Interest in cryptocurrency, also known as digital currency, has recently exploded. Bitcoin perennially continues to be the largest cryptocurrency, followed by Ethereum. There are well over five thousand cryptocurrencies with new ones being formed and obscure names rising into prominence every day, most recently Dogecoin. One industry report estimates that approximately 20 million Americans may own cryptocurrency. As forensic accountants, we may be able to assist you and/or your attorney in identifying and valuing these assets as part of a divorce. Cryptocurrency and divorce – here are some things to keep in mind.
Divorcing couples must disclose all their assets and liabilities. However, what if there are suspicions that the other spouse is partially or wholly hiding these assets? Your attorney may be able to file a subpoena or obtain a court order to access hardware and electronic and physical records. As forensic accountants, we may be able to search for evidence including analysis of transfers and wire activity on bank and brokerage statements, transaction confirmations and discussions about cryptocurrency on emails, listings on loan applications, and inclusions of cryptocurrency gains and losses on tax returns and tax preparation work papers.
Cryptocurrencies are extremely volatile assets. Double digit percentage price swings in a single day are not uncommon for Bitcoin and even more so for other start up and emerging cryptocurrencies. Typically, real time pricing data is available on exchange websites and other industry sources. However, the divorce litigation process can be lengthy and the date and time of valuation of the assets may be unknown up front. Depending on the specific digital assets involved and the terms of the proposed divorce settlement, simply looking up a spot price may be insufficient and advanced financial modeling techniques may be required to estimate value. Unlike stock exchanges, cryptocurrency transactions occur 24 hours a day, 7 days a week.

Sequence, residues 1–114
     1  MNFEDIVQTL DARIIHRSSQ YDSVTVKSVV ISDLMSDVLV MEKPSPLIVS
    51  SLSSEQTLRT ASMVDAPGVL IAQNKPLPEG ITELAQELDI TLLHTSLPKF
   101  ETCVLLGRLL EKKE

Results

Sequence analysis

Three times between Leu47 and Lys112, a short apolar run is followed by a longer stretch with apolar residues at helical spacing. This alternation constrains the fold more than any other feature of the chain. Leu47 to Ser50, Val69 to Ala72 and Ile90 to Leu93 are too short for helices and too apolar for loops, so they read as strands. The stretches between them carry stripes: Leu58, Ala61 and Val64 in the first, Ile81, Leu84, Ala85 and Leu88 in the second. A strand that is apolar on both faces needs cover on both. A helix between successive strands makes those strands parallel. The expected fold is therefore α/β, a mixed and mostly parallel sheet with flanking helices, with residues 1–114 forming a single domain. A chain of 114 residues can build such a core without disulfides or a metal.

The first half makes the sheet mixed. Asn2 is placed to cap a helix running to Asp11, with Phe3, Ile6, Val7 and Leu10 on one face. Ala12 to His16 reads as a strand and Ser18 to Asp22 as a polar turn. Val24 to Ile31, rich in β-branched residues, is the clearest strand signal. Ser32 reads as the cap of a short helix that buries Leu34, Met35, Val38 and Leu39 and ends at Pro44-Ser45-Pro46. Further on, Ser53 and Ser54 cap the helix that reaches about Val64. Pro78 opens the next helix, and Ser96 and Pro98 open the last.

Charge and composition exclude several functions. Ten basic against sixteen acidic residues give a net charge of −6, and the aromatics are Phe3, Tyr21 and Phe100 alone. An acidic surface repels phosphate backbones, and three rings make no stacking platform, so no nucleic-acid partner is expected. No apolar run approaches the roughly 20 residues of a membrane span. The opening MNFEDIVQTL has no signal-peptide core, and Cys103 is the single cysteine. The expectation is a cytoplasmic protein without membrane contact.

Cryptocurrency keys can be stored directly on a computer (not recommended) or in a secured hardware wallet designed specifically for such purposes. Digital assets may be held via online exchange accounts. While quick and convenient to access and trade, online exchanges lack regulation and may be highly susceptible to hacking and theft. Throughout the period of the divorce proceedings, these assets must be secured and protected with physical and logical controls and the existing level of security in place may not be appropriate.
A spouse may wish to be compensated for the value of the cryptocurrency upon settlement rather than actually receiving the asset itself. Like any financial asset, the tax impacts on the potential future capital gains (or losses) must be considered.
For more information on this topic, or to learn how Baker Tilly specialists can help, contact our team.